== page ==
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Our super seven suggestions for things your teen can do this Christmas holiday

Christmas is bound to feel very different this year. With most of the country facing tougher restrictions in December, finding age appropriate Christmas activities for your teenager might be a challenge. In this article, we look at things your teenager can do over the break to help them get into the Christmas spirit, look after their physical and mental wellbeing and give them something standout to talk about in interviews and applications for jobs or further study.


Creating a 'holiday vibe'


First, do try to create a holiday vibe at home that has a slightly different routine from what you've established over the past few months. If you are working from home, you will need areas in the house that are quiet so you can get on, but there should be a lighter feeling elsewhere in the house. You don't need to change much in terms of getting up and bedtimes (in fact, it's good to keep these fairly consistent with term time), but what you're all doing between those times should feel different - less sitting down and studying and more fun activities.


Of course, older children should be doing some revision over the winter break but there should be more non-study time for them too. Here's our top suggestions for things to do away from the television:



1. Get active:


With families more likely to be spending time at home this year, it's important to make sure you and your children remain active by regularly exercising and spending time outdoors. This needn't be a chore and, depending on government restrictions, can include walking around your local parks or neighbourhood, hand delivering Christmas cards or visiting nearby shops. If it’s not possible to get outside every day, try to find ways to be active indoors – there’s lots of online videos and fun Christmas themed workouts to inspire you. Open curtains and windows wide to get as much light and fresh air as you can. In order to get a good night's sleep, the body needs to be physically tired as well as mentally, so it's vital to try and do something physical every day.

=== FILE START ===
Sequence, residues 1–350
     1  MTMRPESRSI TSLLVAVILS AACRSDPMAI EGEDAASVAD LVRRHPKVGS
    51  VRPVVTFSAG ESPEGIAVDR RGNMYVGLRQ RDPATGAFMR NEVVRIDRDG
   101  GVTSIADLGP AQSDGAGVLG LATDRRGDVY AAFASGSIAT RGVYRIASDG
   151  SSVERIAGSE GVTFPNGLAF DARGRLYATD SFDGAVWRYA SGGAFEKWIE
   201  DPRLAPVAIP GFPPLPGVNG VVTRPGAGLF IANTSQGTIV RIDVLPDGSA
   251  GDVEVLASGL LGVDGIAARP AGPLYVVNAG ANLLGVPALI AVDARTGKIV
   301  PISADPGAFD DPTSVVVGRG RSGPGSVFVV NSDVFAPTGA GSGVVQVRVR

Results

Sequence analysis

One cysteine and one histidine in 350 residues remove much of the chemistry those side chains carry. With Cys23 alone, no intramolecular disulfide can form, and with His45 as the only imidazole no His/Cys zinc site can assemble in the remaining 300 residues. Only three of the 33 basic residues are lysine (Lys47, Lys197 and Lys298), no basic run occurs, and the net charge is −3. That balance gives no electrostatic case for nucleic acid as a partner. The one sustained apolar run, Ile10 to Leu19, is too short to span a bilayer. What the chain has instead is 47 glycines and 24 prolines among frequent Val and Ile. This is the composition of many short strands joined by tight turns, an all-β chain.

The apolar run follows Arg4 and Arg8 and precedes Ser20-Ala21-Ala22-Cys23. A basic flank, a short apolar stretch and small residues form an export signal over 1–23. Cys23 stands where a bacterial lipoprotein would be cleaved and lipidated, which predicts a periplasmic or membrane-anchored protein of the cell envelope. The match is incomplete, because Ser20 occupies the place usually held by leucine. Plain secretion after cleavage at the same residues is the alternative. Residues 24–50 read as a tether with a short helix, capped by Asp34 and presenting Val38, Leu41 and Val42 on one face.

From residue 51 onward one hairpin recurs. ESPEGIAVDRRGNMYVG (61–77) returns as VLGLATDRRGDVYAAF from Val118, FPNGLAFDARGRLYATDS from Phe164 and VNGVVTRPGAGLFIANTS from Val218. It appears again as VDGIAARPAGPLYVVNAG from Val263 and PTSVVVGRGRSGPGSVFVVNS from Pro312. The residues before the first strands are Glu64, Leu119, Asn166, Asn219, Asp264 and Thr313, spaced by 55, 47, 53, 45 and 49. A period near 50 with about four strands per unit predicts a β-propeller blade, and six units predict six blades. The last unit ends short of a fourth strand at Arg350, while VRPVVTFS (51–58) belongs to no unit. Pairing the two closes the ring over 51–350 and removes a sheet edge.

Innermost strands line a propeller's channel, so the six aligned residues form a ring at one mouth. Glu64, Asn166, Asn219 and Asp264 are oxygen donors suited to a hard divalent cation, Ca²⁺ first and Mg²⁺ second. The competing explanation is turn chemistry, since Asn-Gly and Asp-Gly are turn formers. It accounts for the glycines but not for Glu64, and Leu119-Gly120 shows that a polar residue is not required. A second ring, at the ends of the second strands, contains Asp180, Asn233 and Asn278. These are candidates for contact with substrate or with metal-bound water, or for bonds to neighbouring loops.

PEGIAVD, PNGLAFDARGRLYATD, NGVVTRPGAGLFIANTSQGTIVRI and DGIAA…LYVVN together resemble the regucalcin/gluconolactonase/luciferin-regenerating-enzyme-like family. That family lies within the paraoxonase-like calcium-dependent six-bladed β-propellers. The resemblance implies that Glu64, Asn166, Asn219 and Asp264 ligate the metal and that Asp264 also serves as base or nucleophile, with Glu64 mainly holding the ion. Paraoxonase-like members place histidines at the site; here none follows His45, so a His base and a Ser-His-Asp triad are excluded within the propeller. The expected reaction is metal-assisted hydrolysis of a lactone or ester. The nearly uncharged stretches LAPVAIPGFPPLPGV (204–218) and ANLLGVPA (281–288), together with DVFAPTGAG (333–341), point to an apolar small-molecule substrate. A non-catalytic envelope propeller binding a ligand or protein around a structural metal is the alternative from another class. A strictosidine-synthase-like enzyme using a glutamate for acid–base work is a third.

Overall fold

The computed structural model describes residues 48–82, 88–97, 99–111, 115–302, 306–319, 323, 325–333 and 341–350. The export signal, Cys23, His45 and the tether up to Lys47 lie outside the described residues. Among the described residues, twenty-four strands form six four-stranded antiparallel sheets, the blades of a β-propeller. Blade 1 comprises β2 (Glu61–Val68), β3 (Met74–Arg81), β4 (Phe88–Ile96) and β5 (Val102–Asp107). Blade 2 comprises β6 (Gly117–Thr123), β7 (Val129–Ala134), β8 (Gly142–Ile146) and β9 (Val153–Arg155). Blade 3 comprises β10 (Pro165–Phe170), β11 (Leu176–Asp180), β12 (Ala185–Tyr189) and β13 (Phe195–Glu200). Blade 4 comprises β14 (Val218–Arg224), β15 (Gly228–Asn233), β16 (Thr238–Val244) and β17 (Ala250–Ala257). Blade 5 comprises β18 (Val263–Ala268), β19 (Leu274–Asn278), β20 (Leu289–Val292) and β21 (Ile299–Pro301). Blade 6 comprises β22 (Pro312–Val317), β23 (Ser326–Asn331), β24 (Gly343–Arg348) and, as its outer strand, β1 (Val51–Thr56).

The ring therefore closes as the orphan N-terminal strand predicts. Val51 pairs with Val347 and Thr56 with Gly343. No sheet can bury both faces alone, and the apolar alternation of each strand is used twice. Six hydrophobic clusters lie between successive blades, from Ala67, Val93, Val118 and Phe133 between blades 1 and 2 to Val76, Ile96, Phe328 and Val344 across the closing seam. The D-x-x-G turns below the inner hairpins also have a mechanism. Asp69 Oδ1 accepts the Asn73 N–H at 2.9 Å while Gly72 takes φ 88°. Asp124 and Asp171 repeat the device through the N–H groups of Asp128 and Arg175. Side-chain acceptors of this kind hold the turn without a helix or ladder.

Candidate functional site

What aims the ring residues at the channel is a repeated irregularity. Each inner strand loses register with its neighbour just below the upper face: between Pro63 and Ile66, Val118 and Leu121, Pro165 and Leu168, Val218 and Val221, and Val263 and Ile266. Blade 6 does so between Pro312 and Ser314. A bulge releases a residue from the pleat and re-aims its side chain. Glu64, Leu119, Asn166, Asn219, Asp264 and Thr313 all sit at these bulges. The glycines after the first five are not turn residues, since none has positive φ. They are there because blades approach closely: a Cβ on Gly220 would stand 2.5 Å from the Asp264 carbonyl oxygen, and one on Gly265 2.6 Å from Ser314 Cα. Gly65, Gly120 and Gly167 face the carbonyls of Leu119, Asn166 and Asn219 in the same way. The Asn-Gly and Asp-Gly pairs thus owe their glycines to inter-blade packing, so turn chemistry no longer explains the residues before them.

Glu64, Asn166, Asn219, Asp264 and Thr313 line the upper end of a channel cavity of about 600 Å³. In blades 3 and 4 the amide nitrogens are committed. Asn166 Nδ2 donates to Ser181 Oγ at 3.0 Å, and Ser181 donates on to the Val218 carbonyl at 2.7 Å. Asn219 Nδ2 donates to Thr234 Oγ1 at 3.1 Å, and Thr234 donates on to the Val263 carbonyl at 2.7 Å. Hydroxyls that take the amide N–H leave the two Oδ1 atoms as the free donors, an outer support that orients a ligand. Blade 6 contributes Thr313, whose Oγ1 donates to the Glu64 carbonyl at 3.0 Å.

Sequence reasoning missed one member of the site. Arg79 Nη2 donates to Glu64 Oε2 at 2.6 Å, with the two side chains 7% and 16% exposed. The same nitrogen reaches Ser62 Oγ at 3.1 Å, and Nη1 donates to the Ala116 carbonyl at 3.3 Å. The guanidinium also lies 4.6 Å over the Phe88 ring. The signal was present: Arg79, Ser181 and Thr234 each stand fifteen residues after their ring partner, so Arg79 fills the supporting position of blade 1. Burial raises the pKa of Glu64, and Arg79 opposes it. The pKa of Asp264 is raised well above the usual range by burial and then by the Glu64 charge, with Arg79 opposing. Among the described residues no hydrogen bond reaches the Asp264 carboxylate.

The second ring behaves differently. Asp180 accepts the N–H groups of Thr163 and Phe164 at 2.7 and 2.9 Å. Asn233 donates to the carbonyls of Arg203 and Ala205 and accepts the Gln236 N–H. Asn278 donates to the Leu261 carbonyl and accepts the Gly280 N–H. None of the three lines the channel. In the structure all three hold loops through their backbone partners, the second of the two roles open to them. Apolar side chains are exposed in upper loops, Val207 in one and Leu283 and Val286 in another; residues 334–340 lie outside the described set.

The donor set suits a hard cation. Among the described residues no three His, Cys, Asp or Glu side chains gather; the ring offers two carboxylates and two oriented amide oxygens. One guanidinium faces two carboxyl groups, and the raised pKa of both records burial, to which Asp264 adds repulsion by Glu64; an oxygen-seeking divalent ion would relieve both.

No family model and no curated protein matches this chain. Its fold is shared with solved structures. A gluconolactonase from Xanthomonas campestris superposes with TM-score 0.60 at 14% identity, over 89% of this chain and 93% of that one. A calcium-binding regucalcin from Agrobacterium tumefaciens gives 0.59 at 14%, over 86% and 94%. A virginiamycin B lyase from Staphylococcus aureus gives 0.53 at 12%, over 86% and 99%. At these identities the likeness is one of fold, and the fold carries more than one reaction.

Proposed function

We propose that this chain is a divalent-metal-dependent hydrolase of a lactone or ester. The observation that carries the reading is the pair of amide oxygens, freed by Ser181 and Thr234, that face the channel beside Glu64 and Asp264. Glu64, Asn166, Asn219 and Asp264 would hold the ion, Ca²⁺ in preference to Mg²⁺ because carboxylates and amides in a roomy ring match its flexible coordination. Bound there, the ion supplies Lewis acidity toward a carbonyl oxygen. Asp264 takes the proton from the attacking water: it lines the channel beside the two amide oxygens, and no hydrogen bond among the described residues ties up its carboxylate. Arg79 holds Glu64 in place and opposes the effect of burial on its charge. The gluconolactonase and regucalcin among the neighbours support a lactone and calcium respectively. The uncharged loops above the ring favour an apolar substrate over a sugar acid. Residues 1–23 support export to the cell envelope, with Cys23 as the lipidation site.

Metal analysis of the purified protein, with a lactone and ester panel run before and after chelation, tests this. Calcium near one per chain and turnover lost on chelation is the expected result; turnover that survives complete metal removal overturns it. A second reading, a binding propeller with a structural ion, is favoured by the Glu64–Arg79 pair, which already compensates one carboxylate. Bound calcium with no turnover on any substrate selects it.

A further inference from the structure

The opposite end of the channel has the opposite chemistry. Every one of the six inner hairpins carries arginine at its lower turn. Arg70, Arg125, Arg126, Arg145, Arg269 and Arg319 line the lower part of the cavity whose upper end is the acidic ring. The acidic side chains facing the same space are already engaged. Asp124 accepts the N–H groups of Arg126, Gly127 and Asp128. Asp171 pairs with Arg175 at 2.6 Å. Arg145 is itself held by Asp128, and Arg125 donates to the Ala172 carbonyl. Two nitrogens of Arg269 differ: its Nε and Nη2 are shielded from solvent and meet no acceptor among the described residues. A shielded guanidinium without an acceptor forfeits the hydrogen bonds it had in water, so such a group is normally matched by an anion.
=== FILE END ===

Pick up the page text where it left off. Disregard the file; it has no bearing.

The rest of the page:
2. Start a business:


If your teen has the enthusiasm and ability, the Christmas holidays can be the perfect opportunity for them to start a new business venture. This needn't be costly and If things go really well, they may even have the beginnings of a career working for themselves. If your teen needs some inspiration, ideas might include:

  • Creating and selling wreaths;

  • Making jewelry;

  • Selling Christmas Hampers;

  • Designing Christmas cards;

  • Online tutoring;

  • Setting up a fashion store;

  • Offering dog walking services;

  • Creating personalized gifts; or

  • Becoming a social media influencer.



3. Be creative in the kitchen:

From minced pies to gingerbread men, there are plenty of reasons to spend time with your teen in the kitchen this Christmas. If your teenager is already an experienced cook, you could allow them to prepare a festive meal, such as Christmas breakfast or Boxing Day lunch. If this seems too adventurous, how about getting them to decorate Christmas cookies or prepare a special treat, such as Christmas pudding.